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In the first (non adjustable) circuit I see you have 6 opto's... why do I need that if I'm only switching 3 phases?
You don't but the the 4106 chip has 6 channels so I had to draw them.
You can use only 3 channels and leave the remaining channel inputs grounded.

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Offline verpies

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I gave it some thought and threshold could be to adjust at what point the opto's rising voltage you want it to switch on
Yes

Do I pass?
1 of 2

... and hysteresis could be the amount of time you want the on time to last.
No, although hysteresis affects the on-time a little. 
On Diag.17, Hysteresis is the vertical distance between Threshold 1 and Threshold 2.

BTW:  If you connect the conditioned signal from an opto to the 4047 chain, then the on-time of the conditioned signal will not matter anyway, because the 4047 chain pays attention only to the rising edge of this signal and stretches its final pulse width to whatever you set it to with the Width1 pot.

Offline gotoluc

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Thanks verpies for making everything clear ;)

You're a good teacher!... I've learned more in the past few weeks with your component suggestions and explinations then I have in years.

I appreciate your help

Luc

Free Energy | searching for free energy and discussing free energy


Offline itsu

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I finally completed the "pulse sequencing circuit" as designed by verpies here:

http://overunity.com/16167/sharing-ideas-on-how-to-make-a-more-efficent-motor-using-flyback-moderated/msg470273/#msg470273

The resulting diagram is slightly different due to some inferior components (zeners), so we had to add an extra MOSFET (Q5), see below diagram.


The goal was to have a circuit which smoothly controls a pulse motor and to manipulate/calculate the flyback spike from the rotor coil (L1) to be able to put it to good use lateron.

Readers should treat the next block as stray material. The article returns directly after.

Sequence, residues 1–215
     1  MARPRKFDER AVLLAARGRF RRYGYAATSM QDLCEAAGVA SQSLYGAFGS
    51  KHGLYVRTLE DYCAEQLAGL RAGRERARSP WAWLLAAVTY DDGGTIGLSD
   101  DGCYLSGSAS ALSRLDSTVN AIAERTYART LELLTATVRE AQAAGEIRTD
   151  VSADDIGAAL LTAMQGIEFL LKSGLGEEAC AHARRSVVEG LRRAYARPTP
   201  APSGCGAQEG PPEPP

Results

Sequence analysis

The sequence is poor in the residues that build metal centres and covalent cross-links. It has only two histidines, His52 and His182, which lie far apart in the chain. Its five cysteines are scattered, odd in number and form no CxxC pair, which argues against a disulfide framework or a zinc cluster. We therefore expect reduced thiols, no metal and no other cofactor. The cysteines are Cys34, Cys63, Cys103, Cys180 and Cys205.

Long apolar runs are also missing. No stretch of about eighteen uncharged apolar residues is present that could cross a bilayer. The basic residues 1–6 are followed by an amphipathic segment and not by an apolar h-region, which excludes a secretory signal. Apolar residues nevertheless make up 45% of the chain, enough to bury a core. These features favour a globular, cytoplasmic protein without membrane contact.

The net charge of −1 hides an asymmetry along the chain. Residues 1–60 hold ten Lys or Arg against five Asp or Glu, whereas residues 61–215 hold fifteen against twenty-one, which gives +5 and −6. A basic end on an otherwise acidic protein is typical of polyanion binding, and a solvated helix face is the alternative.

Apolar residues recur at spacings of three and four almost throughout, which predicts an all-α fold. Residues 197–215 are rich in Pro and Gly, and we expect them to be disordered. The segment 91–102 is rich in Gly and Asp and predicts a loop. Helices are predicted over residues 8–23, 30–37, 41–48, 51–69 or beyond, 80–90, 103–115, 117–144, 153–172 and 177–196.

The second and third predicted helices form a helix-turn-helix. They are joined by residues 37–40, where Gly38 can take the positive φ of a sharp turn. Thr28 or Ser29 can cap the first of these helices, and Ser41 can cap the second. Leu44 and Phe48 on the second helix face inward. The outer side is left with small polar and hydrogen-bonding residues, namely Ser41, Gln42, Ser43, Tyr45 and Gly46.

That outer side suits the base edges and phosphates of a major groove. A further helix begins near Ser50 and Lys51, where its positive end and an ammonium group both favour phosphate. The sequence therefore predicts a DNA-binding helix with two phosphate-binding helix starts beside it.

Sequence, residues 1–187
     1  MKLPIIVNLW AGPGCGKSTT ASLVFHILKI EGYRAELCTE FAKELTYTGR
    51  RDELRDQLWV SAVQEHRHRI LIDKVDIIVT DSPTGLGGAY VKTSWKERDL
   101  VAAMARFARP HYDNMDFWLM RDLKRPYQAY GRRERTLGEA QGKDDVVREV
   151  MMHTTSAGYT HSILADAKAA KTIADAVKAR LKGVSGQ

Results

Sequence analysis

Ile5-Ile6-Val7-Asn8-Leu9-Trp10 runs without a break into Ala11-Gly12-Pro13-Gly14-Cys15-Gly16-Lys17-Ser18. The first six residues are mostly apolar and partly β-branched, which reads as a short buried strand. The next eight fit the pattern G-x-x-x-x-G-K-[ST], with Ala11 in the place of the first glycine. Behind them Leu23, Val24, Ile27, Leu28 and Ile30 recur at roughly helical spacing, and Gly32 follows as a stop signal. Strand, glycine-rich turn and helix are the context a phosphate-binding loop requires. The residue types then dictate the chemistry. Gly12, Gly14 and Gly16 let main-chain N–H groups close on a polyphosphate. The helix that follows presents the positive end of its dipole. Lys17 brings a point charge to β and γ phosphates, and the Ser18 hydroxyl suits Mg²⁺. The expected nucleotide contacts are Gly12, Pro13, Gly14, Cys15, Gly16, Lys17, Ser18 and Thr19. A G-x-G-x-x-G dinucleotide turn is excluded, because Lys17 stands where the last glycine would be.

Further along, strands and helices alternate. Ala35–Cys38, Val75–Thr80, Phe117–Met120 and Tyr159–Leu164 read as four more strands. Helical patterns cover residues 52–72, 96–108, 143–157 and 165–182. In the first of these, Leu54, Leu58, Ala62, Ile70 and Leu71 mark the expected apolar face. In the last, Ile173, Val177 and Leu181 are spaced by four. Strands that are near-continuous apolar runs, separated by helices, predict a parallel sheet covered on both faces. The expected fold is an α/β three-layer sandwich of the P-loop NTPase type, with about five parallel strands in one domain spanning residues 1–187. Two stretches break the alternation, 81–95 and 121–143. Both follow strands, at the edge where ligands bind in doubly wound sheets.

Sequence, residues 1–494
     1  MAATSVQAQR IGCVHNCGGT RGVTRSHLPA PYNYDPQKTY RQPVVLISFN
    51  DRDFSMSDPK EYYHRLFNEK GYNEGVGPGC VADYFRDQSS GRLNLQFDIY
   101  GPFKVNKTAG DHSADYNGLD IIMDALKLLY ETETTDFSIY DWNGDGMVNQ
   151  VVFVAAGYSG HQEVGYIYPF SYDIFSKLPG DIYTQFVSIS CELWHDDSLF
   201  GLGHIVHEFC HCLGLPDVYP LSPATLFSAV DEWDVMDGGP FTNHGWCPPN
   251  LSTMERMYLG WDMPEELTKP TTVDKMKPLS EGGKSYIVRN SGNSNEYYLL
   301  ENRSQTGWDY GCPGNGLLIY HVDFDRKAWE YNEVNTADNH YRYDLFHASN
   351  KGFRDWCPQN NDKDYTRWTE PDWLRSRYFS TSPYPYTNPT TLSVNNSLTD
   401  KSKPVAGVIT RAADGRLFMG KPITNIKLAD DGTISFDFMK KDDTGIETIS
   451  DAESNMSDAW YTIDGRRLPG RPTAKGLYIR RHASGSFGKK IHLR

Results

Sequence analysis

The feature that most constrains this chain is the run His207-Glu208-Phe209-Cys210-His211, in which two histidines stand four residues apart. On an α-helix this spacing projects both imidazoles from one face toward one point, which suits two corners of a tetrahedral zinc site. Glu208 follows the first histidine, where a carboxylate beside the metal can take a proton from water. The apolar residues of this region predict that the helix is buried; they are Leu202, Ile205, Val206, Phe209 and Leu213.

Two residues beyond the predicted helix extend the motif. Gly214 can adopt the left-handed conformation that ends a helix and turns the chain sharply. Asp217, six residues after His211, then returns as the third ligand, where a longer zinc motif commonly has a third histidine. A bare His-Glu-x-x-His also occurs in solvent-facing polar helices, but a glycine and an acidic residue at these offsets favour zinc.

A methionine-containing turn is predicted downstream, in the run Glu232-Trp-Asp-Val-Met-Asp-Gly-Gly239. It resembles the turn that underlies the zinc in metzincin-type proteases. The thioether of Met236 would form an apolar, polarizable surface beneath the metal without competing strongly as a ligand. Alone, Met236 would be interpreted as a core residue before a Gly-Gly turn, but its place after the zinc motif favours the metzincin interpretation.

For now we settled for each cycle to:

# short out the capture capacitor C2,
# capture the spike in this emptied capacitor C2
# measure the recovered voltage in this capacitor.

Verpies also designed a spreadsheet with a pie chart which, after plugging in the measured data, visually shows the measured data
and calculate the energy distribution in this pulse motor including the recovered energy in the C2 capacitor.

Be aware that its an European based spreadsheet, so the decimal point is a comma!

I made a video which in 4 pieces shows/explains:

# the diagram and physical setup
# the controls/signals of the 4047 chips
# the signals (voltage/current/timing/capturing) on a running system
# the input power measurements for inputting into the spreadsheet for a running system.

video here: https://www.youtube.com/watch?v=UlEl1V44pPE&feature=youtu.be

Below screenshot 1 is the partial (on time only) input power measurement on a running system
Below screenshot 2 is the partial (on time only) input power measurement on a stopped system

The first picture is a snapshot of the spreadsheet made with the above inputted data and shows the energy distribution in a running system.
Note that the energy which is unaccounted for is probably mostly the kinetic energy stored in the running rotor, but this would be very hard to measure (and thus account for).

The second picture is a snapshot from a stopped system where there is much less unaccounted for energy.

A big thanks to verpies for designing the circuit, the spreadsheet and to assist in ironing out the encountered problems.
Hopefully we are able to further zoom in on certain energy streams and to put the captured/recovered flyback  pulse energy to good use.


Regards Itsu

Offline gotoluc

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Thanks Itsu for taking the time to complete the circuit, making a video demo and share your results.

Top notch!

Thanks also goes to verpies for his helping us to get this done.

On my side, just minutes ago I received the last components to complete the opto circuits.

I hope to have something to share next week.

Luc

Free Energy | searching for free energy and discussing free energy


Offline itsu

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Thanks Luc,

glad you liked it.

Looking forward to your build/results.

Itsu

Offline gyulasun

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Hi Itsu,

Great work, thanks for showing the results.  Thanks also goes to Verpies of course.

The spread sheet data clearly show that in coil L1, about 45-50% of the input power is lost. This indicates again the importance of using thick wire whenever there is room for it to minimize copper loss in coils.

Gyula

Offline itsu

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Thanks Gyula,

so i have to build myself a 38mH coil which instead of 10 Ohm has a much lower resistance, like 1 Ohm.

Any suggestions on how or what type of coil that might be (which core)?

Regards Itsu

Offline Over Goat

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Thanks Gyula,

so i have to build myself a 38mH coil which instead of 10 Ohm has a much lower resistance, like 1 Ohm.

Any suggestions on how or what type of coil that might be (which core)?

Regards Itsu

http://peakoil.com/forums/new-electric-motor-smaller-cheaper-more-powerful-t68369.html#p1152117